Proc. Natl. Acad. Sci. USA Vol. 75, No. 5, pp. 2378-2381, May 1978
Ultraviolet reactivation of herpes simplex virus is mutagenic and inducible in mammalian cells (SOS/Weigle reactivation/DNA repair/oncogenesis/thymidine kinase)
UMA BANDYOPADHYAY DASGUPTA AND WILLIAM C. SUMMERS Departments of Therapeutic Radiology, Molecular Biophysics and Biochemistry, and Human Genetics, Yale University School of Medicine, 333 Cedar Street, New Haven, Connecticut, 06510
Communicated by Edward A. Adelberg, February 22,1978
ABSTRACT The survival of UV-irradiated herpes simplex virus on UV-irradiated Vero cells was increased over that on unirradiated cells. A time period between irradiation of the host cells and infection with virus was needed to achieve maximum reactivation. In parallel experiments in which the frequencies of occurrence of the forward mutation in the thymidine kinase gene of the virus were measured, growth of herpes simplex virus on UV-irradiated cells yielded progeny virus that had higher frequencies of TK- mutants than did progeny from infections of control cells. The time course of development of this mutagenic effect was the same as that for the development of the UV-reactivation capacity. Furthermore, development of the UV reactivation could be blocked by inhibition of protein synthesis. These results suggest that an "error-prone" inducible UV-reactivation phenomenon exists in mammalian cells.
inducibility of DNA repair processes in mammalian cells has been presented by d'Ambrosio and Setlow (11). It is not known with any certainty whether WR in mammalian cells is "error prone" and leads to increased mutagenesis. We have made use of the genetic system involving the thymidine kinase (TK) locus of herpes simplex virus type 1 (HSV-1) (12-14) and have carried out experiments similar to those described with X phage by Weigle. The results of these experiments confirm that WR occurs in mammalian cells (Vero line), that such reactivation is mutagenic, and that it appears to be inducible.
When bacterial cells are treated with agents such as UV radiation, mitomycin C, or nalidixic acid, DNA synthesis is interrupted and a new set of functions can be observed. These functions, which have been termed "SOS" functions by Radman (1), include UV reactivation, mutagenesis, and prophage induction. Weigle (2) observed that UV-irradiated bacteriophage showed increa'sed survival when plated on host cells that had been irradiated. This phenomenon is called UV reactivation, or, more recently in honor of Weigle, W reactivation (WR). He noted a higher frequency of mutant phage among the survivors grown on UV-irradiated host cells than among survivors grown on unirradiated cells. It has been proposed that the recovery pathway involved in WR is also mutagenic (3, 4). Genetic studies in Escherichia coli show that WR, UV mutagenesis, and induction of phage X are all closely related phenomena, and all depend on the functions of the recA and lex genes. The inducibility of two of these functions-i.e., mutagenesis (5) and prophage induction (6)-by various agents correlates well with their carcinogenicity. It is therefore of special interest to inquire as to the existence of an analogous system in mammalian cells. If we can define the molecular basis of this induction, ultimately in terms of gene and protein functions, we might expect to find a regulatory molecule or specific enzyme that is the final common link whose activity (or lack of activity) results in the spectrum of new phenotypes associated with malignancy. WR has been reported to occur in mammalian cells (7-10). Monkey (CV-1), rat (a tumor cell line), and human (KD and some xeroderma pigmentosum lines) cells all have been shown to exhibit WR when UV-irradiated nuclear replicating DNA viruses were plated on UV-irradiated hosts. Evidence for the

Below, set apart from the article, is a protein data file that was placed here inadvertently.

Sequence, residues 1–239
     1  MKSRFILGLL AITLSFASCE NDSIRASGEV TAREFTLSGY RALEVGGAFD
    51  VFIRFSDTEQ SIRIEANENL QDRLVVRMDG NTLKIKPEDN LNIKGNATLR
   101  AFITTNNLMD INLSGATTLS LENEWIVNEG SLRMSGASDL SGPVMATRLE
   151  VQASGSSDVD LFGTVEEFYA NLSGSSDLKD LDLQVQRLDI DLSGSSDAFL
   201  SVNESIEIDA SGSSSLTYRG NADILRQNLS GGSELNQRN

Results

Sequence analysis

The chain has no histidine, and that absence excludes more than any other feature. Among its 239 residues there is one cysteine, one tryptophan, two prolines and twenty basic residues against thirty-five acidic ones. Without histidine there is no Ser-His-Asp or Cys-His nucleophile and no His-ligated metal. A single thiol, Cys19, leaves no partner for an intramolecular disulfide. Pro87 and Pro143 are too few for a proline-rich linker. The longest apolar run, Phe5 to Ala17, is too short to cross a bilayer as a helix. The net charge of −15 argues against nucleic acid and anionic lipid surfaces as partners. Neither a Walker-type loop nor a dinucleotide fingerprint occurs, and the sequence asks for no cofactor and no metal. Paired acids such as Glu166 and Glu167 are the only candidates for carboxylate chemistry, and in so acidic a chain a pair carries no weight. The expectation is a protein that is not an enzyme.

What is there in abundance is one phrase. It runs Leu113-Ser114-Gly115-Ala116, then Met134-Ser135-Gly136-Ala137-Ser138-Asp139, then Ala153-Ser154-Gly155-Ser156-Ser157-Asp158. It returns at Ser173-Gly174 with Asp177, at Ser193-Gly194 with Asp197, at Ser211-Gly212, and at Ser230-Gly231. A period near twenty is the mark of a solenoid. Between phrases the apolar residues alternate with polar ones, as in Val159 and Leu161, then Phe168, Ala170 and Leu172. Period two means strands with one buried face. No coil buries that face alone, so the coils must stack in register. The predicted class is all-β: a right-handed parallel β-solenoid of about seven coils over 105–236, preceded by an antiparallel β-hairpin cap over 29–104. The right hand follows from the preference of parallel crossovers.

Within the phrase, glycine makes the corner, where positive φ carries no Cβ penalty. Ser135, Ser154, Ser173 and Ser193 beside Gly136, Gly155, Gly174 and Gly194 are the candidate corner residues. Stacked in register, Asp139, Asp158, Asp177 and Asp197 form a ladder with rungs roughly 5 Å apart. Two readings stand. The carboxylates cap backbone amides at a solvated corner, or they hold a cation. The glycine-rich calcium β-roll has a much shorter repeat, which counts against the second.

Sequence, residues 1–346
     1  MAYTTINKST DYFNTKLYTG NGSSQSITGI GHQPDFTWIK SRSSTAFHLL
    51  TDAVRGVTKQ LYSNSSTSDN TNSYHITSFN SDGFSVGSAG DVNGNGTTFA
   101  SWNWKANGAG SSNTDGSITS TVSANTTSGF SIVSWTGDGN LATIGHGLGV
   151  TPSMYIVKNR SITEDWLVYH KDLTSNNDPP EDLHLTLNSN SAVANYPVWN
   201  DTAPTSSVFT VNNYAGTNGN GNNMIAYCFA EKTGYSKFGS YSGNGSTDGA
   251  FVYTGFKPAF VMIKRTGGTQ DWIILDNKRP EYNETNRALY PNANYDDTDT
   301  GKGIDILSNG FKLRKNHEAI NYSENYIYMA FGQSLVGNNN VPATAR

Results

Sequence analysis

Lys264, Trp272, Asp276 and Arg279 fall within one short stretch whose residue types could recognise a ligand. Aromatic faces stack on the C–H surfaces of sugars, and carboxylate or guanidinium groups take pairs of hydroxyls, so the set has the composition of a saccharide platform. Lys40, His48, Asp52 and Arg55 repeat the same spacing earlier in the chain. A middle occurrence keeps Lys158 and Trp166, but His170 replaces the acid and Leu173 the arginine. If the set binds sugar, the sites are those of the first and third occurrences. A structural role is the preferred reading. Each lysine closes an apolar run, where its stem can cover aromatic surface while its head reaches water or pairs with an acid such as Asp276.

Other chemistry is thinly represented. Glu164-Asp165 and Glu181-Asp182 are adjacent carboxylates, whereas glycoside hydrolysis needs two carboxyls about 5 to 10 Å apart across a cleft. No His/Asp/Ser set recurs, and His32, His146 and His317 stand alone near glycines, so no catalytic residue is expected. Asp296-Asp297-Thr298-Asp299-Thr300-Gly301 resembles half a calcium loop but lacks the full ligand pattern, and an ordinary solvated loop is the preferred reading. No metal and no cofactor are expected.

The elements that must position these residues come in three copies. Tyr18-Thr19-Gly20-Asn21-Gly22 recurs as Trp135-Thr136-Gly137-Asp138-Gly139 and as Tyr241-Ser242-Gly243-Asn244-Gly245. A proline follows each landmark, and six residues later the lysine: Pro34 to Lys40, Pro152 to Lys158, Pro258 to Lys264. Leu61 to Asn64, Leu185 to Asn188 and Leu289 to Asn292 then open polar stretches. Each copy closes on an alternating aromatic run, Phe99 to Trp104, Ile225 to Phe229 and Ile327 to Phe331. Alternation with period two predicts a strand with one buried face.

MATERIALS AND METHODS Cells and Virus. Herpes simplex virus type 1 (HSV-1), strain Cl 101, was obtained from S. Kit (Baylor College of Medicine). Vero cells (an African green monkey kidney line) were purchased from the American Type Culture Collection and grown in medium 199 supplemented with 5% fetal calf serum except where otherwise noted. Mouse LMTK- cells (a TK-deficient line of Earle's L cells) were obtained from J. Eisenstadt (Yale University) and were grown in modified Eagle's minimal essential medium supplemented with 5% fetal calf serum. All media were obtained from Grand Island Biological Co. Chemicals. Stock solutions of 5-bromodeoxyuridine (BrdUrd) (Sigma Co.) were made in phosphate-buffered saline, sterilized by filtration, and stored at -60°. Stock solutions of cycloheximide (Sigma Co.) were made in 95% ethanol. IJV Irradiation. The UV source was a General Electric germicidal lamp that had an output maximum at 254 nm. The dose was determined with a Latarjet dosimeter. Virus suspensions in minimal medium with 2% fetal calf serum [107 plaque-forming units (pfu)/ml] were irradiated with constant stirring. The depth of the liquid layer was about 1 mm. Freshly confluent monolayers of cells were washed with serum-free medium and then irradiated. Fresh medium with 5% serum was added immediately after irradiation. Virus Growth and Assay. Virus stocks of 108 pfu/ml were obtained by growth at low multiplicities of infection from progeny of a single plaque. The frequency of TK- virus mutants was tested after each passage and only stocks with low frequencies of TK- mutants (